India's government survived a motion of confidence in Parliament Tuesday, paving the way for a landmark nuclear agreement with the U.S., but leaving the parliamentary process tainted by allegations of bribery.
In a wider margin of victory than predicted, Prime Minister Manmohan Singh, who initiated the confidence motion, won by 275 votes to 256.. It came on the heels of two days of debate and heckling of speakers.
The significance of the vote goes beyond the survival of Singh's administration or the fate of the issue on which he staked his legacy: an agreement initiated by the Bush administration more than two years ago to allow India access to nuclear fuel and technology on the world market.
The nuclear deal, hailed as a centerpiece of deepening India-U.S. friendship, now needs the approval of the International Atomic Energy Agency, the Nuclear Suppliers Group, and the U.S. Congress.
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In India, the real impact of Tuesday's vote will be felt as political parties in India's deeply fractured political system prepare for national elections before this government's term ends expires in May 2009.
The confidence vote has rearranged political alliances, sharpened the divide between political adversaries, and threatened to intensify public cynicism toward elected leaders.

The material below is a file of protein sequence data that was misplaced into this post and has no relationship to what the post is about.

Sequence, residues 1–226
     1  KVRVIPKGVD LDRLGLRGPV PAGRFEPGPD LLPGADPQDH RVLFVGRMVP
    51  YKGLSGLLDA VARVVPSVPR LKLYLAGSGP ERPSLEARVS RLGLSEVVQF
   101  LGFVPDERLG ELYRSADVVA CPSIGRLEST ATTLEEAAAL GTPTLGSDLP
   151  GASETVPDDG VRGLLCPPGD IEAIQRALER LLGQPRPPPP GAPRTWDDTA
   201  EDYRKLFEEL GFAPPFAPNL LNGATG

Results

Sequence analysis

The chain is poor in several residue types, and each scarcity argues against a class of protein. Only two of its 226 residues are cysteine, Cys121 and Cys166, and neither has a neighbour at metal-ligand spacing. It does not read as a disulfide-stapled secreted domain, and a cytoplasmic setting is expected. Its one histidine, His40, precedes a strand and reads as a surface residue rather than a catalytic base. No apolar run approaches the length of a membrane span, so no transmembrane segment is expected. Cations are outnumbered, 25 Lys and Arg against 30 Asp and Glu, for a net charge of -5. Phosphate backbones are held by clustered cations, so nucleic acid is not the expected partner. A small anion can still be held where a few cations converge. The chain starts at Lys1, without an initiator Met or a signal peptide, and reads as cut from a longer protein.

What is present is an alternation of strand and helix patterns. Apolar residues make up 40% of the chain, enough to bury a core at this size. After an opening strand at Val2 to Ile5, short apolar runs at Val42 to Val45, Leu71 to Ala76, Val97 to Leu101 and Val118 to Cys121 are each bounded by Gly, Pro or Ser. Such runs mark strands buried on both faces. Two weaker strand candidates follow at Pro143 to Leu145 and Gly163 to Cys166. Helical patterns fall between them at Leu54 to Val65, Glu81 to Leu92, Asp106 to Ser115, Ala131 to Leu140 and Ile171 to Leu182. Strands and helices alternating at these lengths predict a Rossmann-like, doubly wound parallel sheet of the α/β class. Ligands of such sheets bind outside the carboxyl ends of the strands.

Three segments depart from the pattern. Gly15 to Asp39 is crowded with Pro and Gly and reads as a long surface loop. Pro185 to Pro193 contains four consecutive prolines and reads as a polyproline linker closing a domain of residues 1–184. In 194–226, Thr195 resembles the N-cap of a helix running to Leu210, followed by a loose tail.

“The polite veils that are thrown over the workings of democracy have been lifted,” the president of the nonpartisan Center for Policy Research observed. “Politics is going to get really, really ugly.”
In the most divisive moment of the two-day debate, three lawmakers with the opposition Bharatiya Janata Party charged that Singh's new allies, a North Indian regional party called Samajwadi, had offered them $750,000 each in exchange for abstaining from the confidence vote.
BJP leaders appeared before television cameras to detail the bribery allegations, and Samajwadi leaders went on air to deny the charges.
A private news television station said it had acquired what it called a “cash for votes” tape that was handed over to the speaker of the parliament. Another station dubbed the entire incident “cash-gate.”
The run-up to the vote has been marked by repeated allegations of bribes, but no concrete proof has been offered.
After the vote, which Singh called “a convincing victory,” the prime minister told reporters that he hoped it would send a message to the world: “That India is prepared to take its rightful place in the comity of nations.”
Singh has pushed the accord as essential to India's ability to advance its civilian energy needs at a time when the country has faced dire energy shortages that are crimping the growth of its economy.
His one-time supporters in the Communist Party strongly oppose the deal, fearing it would deepen relations with Washington.